I have seen Django Unchained and will write about it soon, but in the meantime I checked out the archive to see what I had to say about Quentin Tarantino’s previous film.  I wasn’t crazy about it either for some of the same reasons.

From August 2010:

In the last week, I have seen the beautifully rendered anime film Ponyo, which is engaging, the movie adaptation of The Time Traveler’s Wife, which is a mess, Inglourious Basterds, which cannot be so easily reduced to a single adjective, and lots and lots of episodes of the TV series Mad Men.  In some ways, the titles of the latter two – Inglourious Basterds and Mad Men – are both descriptive and could be interchangeable.  While the titles actually describe a fair number of characters in both, the narratives of the popular movie and the critically acclaimed but little watched television series are far from interchangeable.

I keep thinking about how Quentin Tarantino’s film is a mild disappointment to me while the original AMC show lives up to the hype.  In the end, I think it’s a matter of resonance and focus.  Both Inglourious Basterds and Mad Men are period pieces, which presents its own challenges in production design and narrative, and both are consciously engaged in social commentary, but the TV series eclipses the film for me by offering a series of narratives over time that hold together and create a larger ideological unity while the film offers a series of five chapters, not unlike episodes, that have some well-crafted moments and scenes but ultimately present a fractured work.

Sometimes bits and pieces offer a postmodern pastiche can come together to create moving images that are ultimately larger than the sum of the parts – I’m thinking of movies as diverse as Moulin Rouge and Tarantino’s Reservoir Dogs, which I believe is probably the film of  his that holds up the best.  Unfortunately, Inglourious Basterds does not rise to this level.  Simply put, some of the pieces of this jigsaw puzzle are intrinsically interesting, but they don’t fit together.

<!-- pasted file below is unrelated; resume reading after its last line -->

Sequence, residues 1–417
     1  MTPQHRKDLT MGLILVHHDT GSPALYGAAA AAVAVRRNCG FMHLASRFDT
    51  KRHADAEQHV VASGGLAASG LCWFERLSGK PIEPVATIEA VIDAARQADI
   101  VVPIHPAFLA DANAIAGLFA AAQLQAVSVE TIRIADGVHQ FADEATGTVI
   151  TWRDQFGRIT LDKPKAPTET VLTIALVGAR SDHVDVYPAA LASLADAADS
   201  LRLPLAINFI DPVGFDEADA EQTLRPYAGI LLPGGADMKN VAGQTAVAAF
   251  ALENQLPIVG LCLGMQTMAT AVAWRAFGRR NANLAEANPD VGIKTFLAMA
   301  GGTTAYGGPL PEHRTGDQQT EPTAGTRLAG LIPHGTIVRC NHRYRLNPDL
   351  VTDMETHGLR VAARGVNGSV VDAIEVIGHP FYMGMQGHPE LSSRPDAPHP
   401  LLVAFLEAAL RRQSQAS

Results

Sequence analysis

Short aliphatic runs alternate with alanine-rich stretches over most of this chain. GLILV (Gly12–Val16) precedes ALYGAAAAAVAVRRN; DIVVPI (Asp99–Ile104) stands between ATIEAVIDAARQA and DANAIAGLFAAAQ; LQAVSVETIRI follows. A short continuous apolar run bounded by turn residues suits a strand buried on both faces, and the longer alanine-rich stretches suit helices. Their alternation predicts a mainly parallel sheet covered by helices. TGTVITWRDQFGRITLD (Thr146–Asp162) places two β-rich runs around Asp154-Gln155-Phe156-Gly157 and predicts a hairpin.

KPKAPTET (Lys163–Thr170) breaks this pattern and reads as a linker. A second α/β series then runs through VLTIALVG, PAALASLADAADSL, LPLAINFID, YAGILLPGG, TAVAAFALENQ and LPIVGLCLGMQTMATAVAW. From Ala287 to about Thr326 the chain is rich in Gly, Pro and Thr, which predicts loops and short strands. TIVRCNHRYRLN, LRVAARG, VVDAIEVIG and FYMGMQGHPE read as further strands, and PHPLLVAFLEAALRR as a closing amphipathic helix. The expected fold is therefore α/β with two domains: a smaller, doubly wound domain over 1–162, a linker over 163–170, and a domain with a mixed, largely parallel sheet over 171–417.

Mad Men, on the other hand, gives lie to the saying – and I’ve often said it – that there is nothing to watch on TV.  I admit that I missed this series when it premiered, then was turned off by the media hype.  But last week, I caught up.  You might say I became obsessed with the series by watching the first two seasons and the season three premiere over several days so I could be caught up by Sunday night, but I prefer to say that I took a late summer vacation and submerged myself in Mad Men instead of a pool somewhere.  I must say that Iam so glad that I dived into the series.  Mad Men seems fresh as a  multi-layered counterpoint to films and television of the early 1960s that depict the era as modern and uncomplicated.  Mad Men also contrasts with films like Revolutionary Road that cover some of the same terrain of suburban angst and the ill-fit of the gray flannel suit, but the series is more nuanced than most of those stories.

Mad Men deals with the issues of the day, particularly sexism and racism, in ways that let us look anew at how much culture really has changed in the last fifty years while also prodding us to recognize ways in which changes have been incremental.  But the series is also fun to watch.  This is what TV used to be like when there were shows you loved, those appointment TV episodes that you watched then discussed with friends and family because the drama was so compelling.  The good news is that the first two seasons of Man Men are on DVD, and that really is the best way to watch since AMC is not presented in HD.  You don’t have to choose between catching the latest Quentin Tarantino flick or staying in with a great TV series, but if there is a choice to be made, I vote for popping your own popcorn, putting your feet up, and taking a mini-vacation by diving into episodes of Mad Men.  It really is that good…


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